You may have noticed that your auto coverage premiums rise annually, even if you’ve been a good driver and haven’t had to file a claim – but why does car insurance increase every year? There can often be several reasons why you might be paying more this year than last, even if you don’t know why.
However, as an insured driver, you may not want to pay more for your premiums each year that passes by; but is there anything you can do about it?
Why does car insurance increase every year?
It’s unlikely that anyone will want to pay more for their vehicle’s coverage if they don’t have to. However, there are often several ways that you could increase the premiums of your auto insurance, such as:
· Adding other drivers to your auto insurance policy
· Committing traffic violations
· Adding another vehicle to your coverage
· Changing or upgrading your current insurance
But what if you haven’t done any of these things? In these instances, it may be a case of a rate increase – which isn’t likely to be your fault.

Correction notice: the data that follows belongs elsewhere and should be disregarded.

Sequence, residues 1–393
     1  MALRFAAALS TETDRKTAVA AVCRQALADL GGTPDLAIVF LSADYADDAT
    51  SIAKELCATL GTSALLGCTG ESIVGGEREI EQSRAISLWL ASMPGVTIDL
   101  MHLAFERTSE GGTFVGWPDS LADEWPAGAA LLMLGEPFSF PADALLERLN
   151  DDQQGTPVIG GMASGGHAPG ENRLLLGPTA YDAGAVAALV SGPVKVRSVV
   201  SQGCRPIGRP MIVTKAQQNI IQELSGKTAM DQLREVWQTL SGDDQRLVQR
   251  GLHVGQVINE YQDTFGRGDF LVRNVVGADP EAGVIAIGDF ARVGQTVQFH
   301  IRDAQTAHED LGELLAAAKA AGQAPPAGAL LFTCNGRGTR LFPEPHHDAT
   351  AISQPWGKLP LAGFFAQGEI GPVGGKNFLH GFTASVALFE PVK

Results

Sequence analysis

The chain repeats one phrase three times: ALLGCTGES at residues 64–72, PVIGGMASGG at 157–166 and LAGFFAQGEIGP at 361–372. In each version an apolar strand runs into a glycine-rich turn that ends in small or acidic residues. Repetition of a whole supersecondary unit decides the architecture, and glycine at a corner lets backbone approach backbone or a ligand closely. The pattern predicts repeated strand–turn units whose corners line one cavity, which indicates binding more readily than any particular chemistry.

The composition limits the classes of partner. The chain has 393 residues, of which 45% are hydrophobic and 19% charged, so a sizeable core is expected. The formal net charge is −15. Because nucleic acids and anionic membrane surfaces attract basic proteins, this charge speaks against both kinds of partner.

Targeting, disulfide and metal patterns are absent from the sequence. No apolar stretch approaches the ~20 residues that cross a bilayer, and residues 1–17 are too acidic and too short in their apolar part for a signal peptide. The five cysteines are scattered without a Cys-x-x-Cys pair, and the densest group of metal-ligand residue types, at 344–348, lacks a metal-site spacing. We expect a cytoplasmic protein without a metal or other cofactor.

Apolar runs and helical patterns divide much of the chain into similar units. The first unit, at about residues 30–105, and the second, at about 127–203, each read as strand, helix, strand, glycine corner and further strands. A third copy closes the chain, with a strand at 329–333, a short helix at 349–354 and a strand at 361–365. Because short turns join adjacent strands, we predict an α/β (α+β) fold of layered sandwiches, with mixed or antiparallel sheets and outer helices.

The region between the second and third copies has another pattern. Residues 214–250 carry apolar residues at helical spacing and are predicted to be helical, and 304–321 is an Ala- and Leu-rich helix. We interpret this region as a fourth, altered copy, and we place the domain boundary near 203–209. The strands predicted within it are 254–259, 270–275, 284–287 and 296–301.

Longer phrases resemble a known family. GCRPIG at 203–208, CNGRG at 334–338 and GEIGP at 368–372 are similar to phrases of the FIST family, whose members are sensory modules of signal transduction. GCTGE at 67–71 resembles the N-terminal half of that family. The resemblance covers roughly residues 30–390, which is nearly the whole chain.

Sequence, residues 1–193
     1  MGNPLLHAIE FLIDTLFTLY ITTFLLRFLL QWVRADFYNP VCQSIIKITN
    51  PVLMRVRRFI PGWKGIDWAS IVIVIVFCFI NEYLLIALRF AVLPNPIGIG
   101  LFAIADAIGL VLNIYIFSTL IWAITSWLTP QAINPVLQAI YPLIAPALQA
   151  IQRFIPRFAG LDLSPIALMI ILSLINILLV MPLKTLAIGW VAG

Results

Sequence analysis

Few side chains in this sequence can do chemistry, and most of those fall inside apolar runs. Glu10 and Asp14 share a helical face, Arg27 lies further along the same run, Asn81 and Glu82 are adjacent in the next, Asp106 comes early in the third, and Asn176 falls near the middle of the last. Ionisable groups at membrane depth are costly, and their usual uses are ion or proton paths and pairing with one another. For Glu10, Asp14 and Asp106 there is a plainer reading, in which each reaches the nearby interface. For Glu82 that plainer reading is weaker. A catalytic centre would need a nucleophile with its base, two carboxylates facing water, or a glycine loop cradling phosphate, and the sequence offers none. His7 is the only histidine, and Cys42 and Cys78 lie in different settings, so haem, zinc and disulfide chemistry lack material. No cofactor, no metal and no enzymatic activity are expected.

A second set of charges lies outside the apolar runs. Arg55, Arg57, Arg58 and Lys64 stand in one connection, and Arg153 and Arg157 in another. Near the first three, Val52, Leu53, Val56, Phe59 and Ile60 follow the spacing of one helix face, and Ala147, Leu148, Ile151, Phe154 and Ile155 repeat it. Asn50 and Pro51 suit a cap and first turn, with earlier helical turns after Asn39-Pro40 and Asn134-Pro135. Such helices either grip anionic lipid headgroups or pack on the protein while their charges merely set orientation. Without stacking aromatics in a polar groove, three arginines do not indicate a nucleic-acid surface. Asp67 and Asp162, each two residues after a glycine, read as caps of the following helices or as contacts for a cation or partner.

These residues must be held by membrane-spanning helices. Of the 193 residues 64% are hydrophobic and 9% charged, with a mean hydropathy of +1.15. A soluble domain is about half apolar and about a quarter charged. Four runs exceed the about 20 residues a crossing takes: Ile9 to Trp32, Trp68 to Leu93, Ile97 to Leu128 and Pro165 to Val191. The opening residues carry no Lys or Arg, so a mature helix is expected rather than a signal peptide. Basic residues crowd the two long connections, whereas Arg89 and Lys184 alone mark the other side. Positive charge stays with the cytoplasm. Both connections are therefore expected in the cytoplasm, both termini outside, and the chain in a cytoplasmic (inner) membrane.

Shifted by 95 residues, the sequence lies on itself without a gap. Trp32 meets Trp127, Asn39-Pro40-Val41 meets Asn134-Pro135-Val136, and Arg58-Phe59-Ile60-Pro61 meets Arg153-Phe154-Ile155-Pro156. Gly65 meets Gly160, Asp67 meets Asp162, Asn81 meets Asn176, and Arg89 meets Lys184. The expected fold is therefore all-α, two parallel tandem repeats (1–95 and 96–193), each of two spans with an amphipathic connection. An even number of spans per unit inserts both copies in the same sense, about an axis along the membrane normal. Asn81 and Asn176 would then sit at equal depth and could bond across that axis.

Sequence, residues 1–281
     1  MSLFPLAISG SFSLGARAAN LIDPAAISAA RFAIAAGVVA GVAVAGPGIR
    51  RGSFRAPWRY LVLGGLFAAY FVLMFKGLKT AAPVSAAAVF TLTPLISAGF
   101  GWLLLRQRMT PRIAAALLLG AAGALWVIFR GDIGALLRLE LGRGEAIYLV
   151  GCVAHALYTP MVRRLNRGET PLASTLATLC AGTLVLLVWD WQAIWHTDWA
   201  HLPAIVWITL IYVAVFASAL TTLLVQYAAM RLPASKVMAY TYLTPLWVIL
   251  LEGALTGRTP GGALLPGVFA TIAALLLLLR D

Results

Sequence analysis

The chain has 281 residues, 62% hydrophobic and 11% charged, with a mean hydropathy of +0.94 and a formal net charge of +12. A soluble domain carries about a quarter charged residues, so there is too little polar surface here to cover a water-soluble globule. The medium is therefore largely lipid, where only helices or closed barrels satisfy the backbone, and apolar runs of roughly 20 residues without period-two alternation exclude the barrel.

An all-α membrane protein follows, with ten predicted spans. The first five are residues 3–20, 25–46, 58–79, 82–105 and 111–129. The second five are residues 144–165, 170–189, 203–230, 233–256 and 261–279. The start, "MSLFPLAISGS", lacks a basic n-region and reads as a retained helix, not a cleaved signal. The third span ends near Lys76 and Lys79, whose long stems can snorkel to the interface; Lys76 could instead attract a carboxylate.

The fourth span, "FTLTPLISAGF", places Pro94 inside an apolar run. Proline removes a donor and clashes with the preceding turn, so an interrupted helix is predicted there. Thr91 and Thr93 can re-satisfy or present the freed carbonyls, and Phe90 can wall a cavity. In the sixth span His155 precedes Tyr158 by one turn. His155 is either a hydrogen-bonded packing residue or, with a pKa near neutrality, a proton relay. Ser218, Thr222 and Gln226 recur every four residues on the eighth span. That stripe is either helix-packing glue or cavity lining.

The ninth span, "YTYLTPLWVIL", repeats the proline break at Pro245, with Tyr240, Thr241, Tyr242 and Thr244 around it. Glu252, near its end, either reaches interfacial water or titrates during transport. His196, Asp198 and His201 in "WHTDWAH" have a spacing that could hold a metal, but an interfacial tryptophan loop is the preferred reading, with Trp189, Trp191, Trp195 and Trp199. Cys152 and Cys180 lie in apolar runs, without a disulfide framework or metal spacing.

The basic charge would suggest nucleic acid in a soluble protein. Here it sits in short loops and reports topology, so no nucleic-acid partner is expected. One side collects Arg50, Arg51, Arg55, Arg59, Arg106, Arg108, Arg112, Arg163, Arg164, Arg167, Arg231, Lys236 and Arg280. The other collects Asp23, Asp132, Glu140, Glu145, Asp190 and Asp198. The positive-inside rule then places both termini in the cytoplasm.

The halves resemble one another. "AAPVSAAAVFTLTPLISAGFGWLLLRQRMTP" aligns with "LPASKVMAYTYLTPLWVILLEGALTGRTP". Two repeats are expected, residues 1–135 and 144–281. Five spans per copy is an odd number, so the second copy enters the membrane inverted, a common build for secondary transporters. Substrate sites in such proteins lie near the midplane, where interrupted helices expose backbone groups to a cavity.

Why might your insurance increase if nothing’s changed?
If you don’t think you’ve done anything differently, you may want to know why your premiums are higher.
Often, these companies will set your rates based on specific information (like historical data) to determine any possible future losses or claim payments that they may have to make. The more they think they’ll need to pay out, the more they’re likely to charge on your premiums.
Information like your location, age, gender, and much more can all be crucial to an insurance company when determining the risk of insuring you – and in most cases, they’ll use all this information to calculate how much they need to charge you to compensate their potential losses.
It may even be to compensate the insurer for the cash that they need to pay out in claims yearly through rate revisions. If the overall amount they payout is more than their premium revenue, they’re likely to increase the rates for their customers the next year to make up for this.
Wildfire, flooding, hurricanes, and substantial claim loss are just a few of the things that can cause an increase in your insurance rates.
Anything you can do to stop your rates from increasing?
Unfortunately, in most cases, this is how insurance companies work – even if it seems unfair to be charged more for something that’s out of your hands and may not even be directly related to you. Your insurer will often need to make sure that they maintain an ROI (return on investment) and lower their risks to keep on operating and making a profit.
While this increase doesn’t usually benefit you in any way, it can often help your insurance company to keep on running and insuring you.